High winds add to flooding fears as storm approaches southern B.C. Interior

The concern is that the winds will whip up lakes that are already at flood stage
The Canadian Press on May 24, 2017

High water levels could persist for several weeks in British Columbia’s flood-weary southern Interior, officials warn.Residents also braced for another battering, as Environment Canada issued special weather statements for parts of Vancouver Island, Metro Vancouver and most of the southern Interior, including the Okanagan, advising that strong winds are due to hit late Tuesday and continue into Wednesday.
Weather warnings to expect gusty winds up to 90 kilometres per hour were also issued for Greater Victoria, east Vancouver Island and the Sunshine Coast.
There’s concern that high winds could whip up waves on lakes that are already at flood stage, especially Okanagan Lake where officials have said water has topped a depth of 342.91 metres, surpassing the levels during the flooding of 1990.
Winds are expected to be accompanied by cooler temperatures and possible heavy rain, further swelling waterways that the River Forecast Centre warned were rising from melting snow following a hot spell over the Victoria Day long weekend.
A flood watch remains in effect for the Nicola River near Merritt, including Nicola Lake, while high streamflow advisories are posted for almost a dozen rivers and creeks across the southern and central Interior, including Mission Creek, which runs through downtown Kelowna.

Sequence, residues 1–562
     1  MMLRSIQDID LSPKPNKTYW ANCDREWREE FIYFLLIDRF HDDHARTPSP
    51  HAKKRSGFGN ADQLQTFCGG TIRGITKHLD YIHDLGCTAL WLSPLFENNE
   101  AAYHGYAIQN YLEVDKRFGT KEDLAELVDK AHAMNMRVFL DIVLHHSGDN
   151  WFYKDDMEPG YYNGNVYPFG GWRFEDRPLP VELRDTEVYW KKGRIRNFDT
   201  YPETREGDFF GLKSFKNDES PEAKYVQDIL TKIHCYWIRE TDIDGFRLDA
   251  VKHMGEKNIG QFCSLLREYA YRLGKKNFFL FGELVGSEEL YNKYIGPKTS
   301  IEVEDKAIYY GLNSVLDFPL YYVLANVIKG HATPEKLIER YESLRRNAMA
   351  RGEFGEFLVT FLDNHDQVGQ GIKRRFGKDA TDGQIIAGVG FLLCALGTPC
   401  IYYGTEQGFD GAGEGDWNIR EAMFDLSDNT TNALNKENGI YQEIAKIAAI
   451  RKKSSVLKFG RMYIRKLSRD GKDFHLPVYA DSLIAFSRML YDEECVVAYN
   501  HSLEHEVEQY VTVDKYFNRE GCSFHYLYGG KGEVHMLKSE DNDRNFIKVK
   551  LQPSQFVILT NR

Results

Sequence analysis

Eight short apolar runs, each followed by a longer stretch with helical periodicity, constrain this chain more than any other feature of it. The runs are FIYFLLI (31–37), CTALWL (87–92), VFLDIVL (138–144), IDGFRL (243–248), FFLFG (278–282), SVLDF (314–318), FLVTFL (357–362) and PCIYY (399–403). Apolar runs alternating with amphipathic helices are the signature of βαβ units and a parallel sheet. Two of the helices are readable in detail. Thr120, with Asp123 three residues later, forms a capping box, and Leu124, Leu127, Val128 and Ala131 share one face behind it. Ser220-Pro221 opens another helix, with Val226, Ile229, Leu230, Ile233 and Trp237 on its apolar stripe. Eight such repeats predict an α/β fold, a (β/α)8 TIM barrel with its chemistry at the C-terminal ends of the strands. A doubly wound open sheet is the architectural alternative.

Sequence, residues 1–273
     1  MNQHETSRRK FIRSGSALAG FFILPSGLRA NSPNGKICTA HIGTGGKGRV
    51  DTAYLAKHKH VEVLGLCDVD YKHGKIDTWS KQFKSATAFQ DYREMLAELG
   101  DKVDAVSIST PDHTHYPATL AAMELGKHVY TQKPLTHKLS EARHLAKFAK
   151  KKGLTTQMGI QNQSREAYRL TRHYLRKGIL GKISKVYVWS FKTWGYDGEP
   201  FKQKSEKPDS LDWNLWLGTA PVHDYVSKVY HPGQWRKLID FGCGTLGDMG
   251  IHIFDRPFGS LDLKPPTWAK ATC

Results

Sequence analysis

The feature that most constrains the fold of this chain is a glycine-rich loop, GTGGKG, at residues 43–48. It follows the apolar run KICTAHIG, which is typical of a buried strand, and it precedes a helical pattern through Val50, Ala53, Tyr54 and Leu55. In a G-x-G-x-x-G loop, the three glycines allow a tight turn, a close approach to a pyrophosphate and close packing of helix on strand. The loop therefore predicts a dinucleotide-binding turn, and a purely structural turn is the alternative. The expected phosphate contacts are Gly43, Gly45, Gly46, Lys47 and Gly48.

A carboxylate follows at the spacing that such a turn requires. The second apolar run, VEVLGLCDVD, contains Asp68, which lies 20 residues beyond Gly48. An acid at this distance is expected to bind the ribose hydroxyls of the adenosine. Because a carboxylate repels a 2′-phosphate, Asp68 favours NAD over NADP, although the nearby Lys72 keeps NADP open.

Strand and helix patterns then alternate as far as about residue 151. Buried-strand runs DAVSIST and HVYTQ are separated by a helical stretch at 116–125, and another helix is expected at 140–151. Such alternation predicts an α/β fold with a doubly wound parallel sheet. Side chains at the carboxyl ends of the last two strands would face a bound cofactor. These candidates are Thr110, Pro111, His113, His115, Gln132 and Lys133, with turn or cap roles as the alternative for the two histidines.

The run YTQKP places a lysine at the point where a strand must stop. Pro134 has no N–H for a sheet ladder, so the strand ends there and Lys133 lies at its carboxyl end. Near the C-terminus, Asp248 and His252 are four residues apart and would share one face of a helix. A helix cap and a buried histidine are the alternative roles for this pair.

The cooler temperatures are expected to slow snowmelt, but Brian Symonds with the Ministry of Forests, Lands and Natural Resources said water levels will remain high.
“It’s not like a river flooding where it comes up and then goes down in a few days and then the danger’s passed. We are going to be high for several weeks,” he said, noting that potential damage from wind and waves could last into the summer.
Chris Duffy with Emergency Management B.C. said in a conference call with media on Tuesday that crews have been using short breaks in the weather to prepare for flooding by creating sandbag walls and installing inflatable dams.
About 1.7 million sandbags have been shipped to the area and more are ready to go if needed, he said.

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